Market traders assured there are no plans to ‘move the bulldozers in’ as council adopts new town centre masterplan
Date published: 19 February 2021
Photo: David Dixon
Heywood Market. Creative Commons, credit David Dixon
Heywood market traders have been assured the council has no plans to ‘move the bulldozers in’ under a new masterplan for the town centre.
The document, which will shortly go out to public consultation, is aimed at making ‘Heywood a characterful and attractive town for the local community and city region’.
Its ambitions include providing ‘more comfort for pedestrians in the town centre and creating ‘a place for people to stop and stay’.
Although it does not feature detailed plans it sets out a long-term strategy for an ‘improved pedestrian experience’, with reduced traffic and better parking.
Angel Meadow is earmarked as a ‘key’ area for future housing and residential development.
Rochdale council also wants to develop a ‘civic heart’ in the town ‘as a bookend to a focussed and joyful, characterful, active high street’.
While the strategy paints an attractive picture of a future Heywood, it has left concerned traders fearing the market’s days could be numbered.
But they were assured this was not the case when the plan was adopted at a Heywood Township meeting on Monday night.
Councillor John Blundell, cabinet member for a thriving economy, said redevelopment did not mean ‘the bulldozers come in tomorrow’ – and the only changes to the market would be those traders’ wanted.
He said: “I can assure you nothing will happen with Heywood Market or that area unless the people there want it to happen.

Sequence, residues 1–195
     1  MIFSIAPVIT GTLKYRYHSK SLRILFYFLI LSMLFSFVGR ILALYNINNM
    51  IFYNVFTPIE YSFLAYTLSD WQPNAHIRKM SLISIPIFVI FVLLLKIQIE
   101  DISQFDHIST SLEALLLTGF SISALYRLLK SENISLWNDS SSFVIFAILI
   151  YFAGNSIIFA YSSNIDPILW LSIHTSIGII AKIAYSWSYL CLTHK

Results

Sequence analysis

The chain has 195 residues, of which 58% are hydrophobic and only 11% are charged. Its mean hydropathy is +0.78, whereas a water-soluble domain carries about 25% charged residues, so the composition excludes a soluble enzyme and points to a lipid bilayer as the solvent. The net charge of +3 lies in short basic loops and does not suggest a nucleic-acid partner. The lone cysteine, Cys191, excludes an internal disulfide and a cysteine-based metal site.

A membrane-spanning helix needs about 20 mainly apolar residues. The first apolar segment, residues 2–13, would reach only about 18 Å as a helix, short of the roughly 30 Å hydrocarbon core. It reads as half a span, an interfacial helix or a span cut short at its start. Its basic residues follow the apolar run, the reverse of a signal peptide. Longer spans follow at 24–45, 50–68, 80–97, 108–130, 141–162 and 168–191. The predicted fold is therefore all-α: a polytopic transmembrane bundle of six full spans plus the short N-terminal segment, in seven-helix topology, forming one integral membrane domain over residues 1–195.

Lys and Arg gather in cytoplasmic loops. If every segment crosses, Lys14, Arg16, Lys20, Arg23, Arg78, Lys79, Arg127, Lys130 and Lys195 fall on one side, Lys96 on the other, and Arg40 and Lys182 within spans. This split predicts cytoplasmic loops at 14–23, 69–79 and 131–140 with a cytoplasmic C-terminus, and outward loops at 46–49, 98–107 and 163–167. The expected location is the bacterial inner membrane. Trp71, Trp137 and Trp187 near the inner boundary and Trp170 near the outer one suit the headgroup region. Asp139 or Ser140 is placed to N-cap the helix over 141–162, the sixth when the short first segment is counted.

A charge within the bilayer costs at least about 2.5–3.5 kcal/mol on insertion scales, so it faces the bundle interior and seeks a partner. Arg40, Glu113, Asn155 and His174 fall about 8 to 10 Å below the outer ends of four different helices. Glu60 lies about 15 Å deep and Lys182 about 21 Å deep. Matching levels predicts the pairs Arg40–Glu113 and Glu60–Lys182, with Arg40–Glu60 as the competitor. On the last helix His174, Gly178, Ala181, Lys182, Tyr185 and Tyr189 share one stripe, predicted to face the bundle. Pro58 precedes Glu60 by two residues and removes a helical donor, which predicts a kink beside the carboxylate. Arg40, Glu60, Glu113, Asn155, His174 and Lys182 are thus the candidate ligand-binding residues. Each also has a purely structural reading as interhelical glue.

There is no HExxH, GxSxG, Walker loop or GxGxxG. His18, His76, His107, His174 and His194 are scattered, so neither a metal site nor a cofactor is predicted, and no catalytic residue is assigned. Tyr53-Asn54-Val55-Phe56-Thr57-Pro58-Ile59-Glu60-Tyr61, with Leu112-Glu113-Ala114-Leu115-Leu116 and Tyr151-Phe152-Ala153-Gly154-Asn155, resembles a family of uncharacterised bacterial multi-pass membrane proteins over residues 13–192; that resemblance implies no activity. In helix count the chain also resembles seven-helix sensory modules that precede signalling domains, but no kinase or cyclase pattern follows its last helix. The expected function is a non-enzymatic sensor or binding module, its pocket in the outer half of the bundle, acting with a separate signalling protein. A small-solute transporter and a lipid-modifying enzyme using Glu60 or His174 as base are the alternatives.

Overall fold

“The council is not in the game of trying to force developments where people don’t want them.”
The masterplan sets out two indicative options – both of which mark the area around the market for development – but Councillor Blundell said traders should not be unduly concerned.
He said: “I don’t think what’s in mind is wholesale redevelopment – flattening it and rebuilding it. I don’t think that’s what anybody has in mind, It’s more about refurbishment.”
Councillor Blundell said the council was only interested in complementing the ‘exciting’ plans already in train at the market, where a £300,000 overhaul has just got underway
“Whatever we do that [the market] has to be a central focal point of Heywood,” he added.
His sentiments were echoed by township chair Councillor Peter Rush, who assured traders that all Heywood councillors ‘think the world of the market’ and are looking forward to supporting it in future.
The meeting was also addressed by Paul Moore, the council’s head of planning.
Mr Moore said it would be of ‘crucial’ importance to have a masterplan in place when it came to applying for grants in future – particularly from the government’s ‘Levelling Up’ fund.
“The absence of any masterplan would seriously hinder the ability of us to do so,” he said.
The masterplan was unanimously adopted by all Heywood councillors entitled to vote on the matter.